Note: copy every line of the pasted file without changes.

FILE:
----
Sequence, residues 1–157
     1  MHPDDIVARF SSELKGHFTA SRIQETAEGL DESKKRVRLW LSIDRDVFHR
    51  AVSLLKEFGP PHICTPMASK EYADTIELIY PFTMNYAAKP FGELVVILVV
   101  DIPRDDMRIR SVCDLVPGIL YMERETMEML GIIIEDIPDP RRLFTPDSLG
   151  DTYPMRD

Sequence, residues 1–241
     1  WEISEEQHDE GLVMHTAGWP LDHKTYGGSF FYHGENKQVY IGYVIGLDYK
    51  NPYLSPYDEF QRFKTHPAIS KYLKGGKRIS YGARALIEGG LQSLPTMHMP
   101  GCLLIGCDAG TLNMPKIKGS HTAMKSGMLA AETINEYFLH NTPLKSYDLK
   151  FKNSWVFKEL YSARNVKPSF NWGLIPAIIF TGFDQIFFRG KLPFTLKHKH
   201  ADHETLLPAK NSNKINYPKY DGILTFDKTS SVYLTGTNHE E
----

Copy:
Sequence, residues 1–157
     1  MHPDDIVARF SSELKGHFTA SRIQETAEGL DESKKRVRLW LSIDRDVFHR
    51  AVSLLKEFGP PHICTPMASK EYADTIELIY PFTMNYAAKP FGELVVILVV
   101  DIPRDDMRIR SVCDLVPGIL YMERETMEML GIIIEDIPDP RRLFTPDSLG
   151  DTYPMRD

Sequence, residues 1–241
     1  WEISEEQHDE GLVMHTAGWP LDHKTYGGSF FYHGENKQVY IGYVIGLDYK
    51  NPYLSPYDEF QRFKTHPAIS KYLKGGKRIS YGARALIEGG LQSLPTMHMP
   101  GCLLIGCDAG TLNMPKIKGS HTAMKSGMLA AETINEYFLH NTPLKSYDLK
   151  FKNSWVFKEL YSARNVKPSF NWGLIPAIIF TGFDQIFFRG KLPFTLKHKH
   201  ADHETLLPAK NSNKINYPKY DGILTFDKTS SVYLTGTNHE E